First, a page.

Last week I asked, “What is the role of the museum in your community?”
The four options to choose from were: temple, forum, commons or “other” (you name it).
When I first put the survey out there I received a few tweets regarding the role of ‘educator’ in the community. I did not include it in the “big three” because education should be the foundation of any temple, forum or commons; the definition of each category dictates how you educate.
So, between temple, forum, or commons, what did you choose? Survey says…
Commons comes out on top with 47%.
While I was at Developing History Leaders at the Seminar for Historical Administration (which has a new website – shameless plug – you’re welcome, SHA) we talked at length about the role of the museum in the community. At first, the discussions revolved around the temple vs. forum debate.
Temple: A building devoted to the worship, or regarded as the dwelling place, of a god or gods or other objects of religious reverence.
The objects in our collections are sacred and we are the guardians.
We take significant amounts of time to collect, study, preserve, display and interpret objects. Does this make museums THE historical/scientific/cultural authority? While what we collect changes and the way we collect objects varies, does our interpretation model change over time?
As we look back at history, art or science is there room for revisionist interpretation? Does this come from the museum or from the community? Or both? Does this alter the collections management plans we have in place and the way we display our objects?
Forum: A meeting or medium where ideas and views on a particular issue can be exchanged.
How does the community interact with the objects we house? With our mission? Are they put off by “please do not touch” and “no photography” signage? Is there an opportunity for discussion during a self guided tour? What are the strengths and weaknesses of our programming? Lectures? Films? How often are community roundtable discussions held in the museum?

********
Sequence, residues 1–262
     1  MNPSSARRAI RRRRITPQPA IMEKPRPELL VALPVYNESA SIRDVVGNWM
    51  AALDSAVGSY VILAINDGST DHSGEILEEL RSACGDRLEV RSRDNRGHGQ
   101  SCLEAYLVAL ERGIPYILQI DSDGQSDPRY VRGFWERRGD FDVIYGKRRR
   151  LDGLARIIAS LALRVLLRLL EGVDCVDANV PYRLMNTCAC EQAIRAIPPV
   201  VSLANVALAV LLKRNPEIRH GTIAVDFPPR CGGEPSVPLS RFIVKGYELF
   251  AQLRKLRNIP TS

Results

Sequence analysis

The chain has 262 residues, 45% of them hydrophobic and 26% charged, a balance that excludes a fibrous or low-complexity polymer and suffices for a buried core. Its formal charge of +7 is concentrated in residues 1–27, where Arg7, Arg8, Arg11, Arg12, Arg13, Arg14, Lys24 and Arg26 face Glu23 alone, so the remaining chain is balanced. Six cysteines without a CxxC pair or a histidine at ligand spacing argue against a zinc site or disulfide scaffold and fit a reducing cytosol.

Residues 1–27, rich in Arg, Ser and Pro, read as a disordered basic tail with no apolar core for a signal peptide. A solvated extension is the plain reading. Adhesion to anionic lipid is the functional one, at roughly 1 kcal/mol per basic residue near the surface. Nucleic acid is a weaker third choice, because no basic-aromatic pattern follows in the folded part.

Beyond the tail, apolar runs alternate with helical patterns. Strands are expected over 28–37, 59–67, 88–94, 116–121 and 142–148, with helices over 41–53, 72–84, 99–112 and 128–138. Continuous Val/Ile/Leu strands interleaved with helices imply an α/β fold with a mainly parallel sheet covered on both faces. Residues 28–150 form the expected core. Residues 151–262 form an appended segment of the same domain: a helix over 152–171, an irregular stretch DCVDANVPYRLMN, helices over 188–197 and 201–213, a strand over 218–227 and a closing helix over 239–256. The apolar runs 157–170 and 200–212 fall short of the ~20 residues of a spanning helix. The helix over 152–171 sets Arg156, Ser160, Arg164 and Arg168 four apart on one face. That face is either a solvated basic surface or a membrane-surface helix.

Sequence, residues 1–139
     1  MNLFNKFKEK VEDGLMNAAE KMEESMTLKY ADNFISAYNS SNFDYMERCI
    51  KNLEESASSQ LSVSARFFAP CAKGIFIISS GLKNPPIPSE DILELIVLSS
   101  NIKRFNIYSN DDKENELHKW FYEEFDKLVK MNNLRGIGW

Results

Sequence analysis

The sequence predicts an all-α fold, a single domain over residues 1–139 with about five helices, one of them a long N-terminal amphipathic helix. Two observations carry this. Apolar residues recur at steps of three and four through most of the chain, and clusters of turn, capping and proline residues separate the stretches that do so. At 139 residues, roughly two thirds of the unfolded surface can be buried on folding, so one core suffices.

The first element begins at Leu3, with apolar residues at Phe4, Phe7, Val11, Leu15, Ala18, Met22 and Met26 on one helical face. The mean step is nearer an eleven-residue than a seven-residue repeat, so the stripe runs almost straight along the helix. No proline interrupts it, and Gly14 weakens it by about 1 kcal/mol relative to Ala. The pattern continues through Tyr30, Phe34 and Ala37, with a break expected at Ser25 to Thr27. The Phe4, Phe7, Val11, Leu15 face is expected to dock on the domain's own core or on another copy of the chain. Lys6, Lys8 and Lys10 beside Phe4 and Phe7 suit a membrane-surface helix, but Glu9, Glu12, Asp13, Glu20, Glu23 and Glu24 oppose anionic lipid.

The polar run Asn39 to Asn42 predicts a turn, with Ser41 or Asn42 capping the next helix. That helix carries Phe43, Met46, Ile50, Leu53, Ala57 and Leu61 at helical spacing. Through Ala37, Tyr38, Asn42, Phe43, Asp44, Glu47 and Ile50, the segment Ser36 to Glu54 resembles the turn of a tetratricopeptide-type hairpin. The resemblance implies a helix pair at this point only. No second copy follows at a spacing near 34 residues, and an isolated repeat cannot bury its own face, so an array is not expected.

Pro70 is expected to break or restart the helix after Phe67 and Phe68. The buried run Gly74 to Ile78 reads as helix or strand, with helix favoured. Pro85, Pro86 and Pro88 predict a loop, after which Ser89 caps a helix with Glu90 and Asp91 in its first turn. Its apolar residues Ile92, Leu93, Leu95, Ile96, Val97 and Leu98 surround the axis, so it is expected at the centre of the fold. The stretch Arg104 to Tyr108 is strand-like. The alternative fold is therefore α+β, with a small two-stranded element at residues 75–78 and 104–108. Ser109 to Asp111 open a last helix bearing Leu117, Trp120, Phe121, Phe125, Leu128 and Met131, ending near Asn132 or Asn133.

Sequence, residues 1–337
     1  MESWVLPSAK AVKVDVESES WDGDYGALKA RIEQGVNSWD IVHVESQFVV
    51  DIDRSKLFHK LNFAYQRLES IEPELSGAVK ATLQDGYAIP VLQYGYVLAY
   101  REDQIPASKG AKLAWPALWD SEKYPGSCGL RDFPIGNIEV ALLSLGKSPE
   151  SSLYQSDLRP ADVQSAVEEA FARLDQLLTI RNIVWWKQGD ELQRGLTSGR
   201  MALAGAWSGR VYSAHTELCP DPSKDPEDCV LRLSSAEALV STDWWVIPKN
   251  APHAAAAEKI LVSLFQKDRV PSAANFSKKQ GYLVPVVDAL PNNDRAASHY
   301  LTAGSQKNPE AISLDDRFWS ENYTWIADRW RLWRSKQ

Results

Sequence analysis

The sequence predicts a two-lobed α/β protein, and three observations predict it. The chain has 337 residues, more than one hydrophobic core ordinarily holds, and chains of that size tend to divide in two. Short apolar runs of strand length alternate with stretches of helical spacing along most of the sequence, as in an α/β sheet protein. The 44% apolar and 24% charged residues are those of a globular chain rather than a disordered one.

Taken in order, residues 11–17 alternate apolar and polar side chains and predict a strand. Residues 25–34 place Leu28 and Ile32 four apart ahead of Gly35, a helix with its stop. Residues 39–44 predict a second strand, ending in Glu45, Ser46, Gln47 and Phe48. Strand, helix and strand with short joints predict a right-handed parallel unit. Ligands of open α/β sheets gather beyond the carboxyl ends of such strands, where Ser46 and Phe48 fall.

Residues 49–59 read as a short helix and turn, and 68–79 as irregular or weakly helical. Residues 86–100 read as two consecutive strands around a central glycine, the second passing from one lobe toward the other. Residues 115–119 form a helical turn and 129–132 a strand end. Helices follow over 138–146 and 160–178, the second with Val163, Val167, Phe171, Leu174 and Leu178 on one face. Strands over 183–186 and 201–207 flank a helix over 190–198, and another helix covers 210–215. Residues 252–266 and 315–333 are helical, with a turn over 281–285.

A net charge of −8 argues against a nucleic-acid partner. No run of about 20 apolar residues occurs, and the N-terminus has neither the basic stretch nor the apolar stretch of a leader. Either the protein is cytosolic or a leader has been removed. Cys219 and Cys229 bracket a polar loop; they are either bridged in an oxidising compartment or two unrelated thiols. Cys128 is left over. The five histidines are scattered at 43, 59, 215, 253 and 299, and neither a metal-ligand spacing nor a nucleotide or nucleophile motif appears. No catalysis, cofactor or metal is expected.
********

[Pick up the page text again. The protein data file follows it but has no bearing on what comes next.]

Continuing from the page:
A forum means dialogue it taking place. What are we talking about and where are we talking?
As the “role of the museum” discussions evolved the three weeks at SHA and programming, evaluation and unique revenue streams were presented, “the commons” became more and more apparent. As museum professionals, we can get so wrapped up in objects, to-do lists and the next exhibition that we don’t always take the time to see the importance of the commons.
Commons: A place or resource shared by all people without barrier or restriction.
Without barrier or restriction. That is BOLD. When museum professionals think of commons we often think of Web 2.0, but what about creating a common space within the walls of the institution? Visitor curation and participation is much easier to facilitate online but if we truly want to engage our local communities, shouldn’t we invite visitors to roll up their sleeves and get a little dirty? Give them an opportunity to say not only that they have a stake in what the museum IS but that they also are a part of what the museum DOES. I know, I’m being pretty radical here.
I’m not saying give your visitor’s a pair of white gloves and let them loose in the collections room. What I am saying is create unique opportunities for your community to create, touch, discuss and become a part of your institution.
Some more food for thought comes from Neal Stimler (@nealstimler). He recently tweeted a series of definitions for museums:
Now that your brain is stewing, is it time to look beyond temple, forum and commons? Or do the definitions from Neal above somehow fall into those three categories?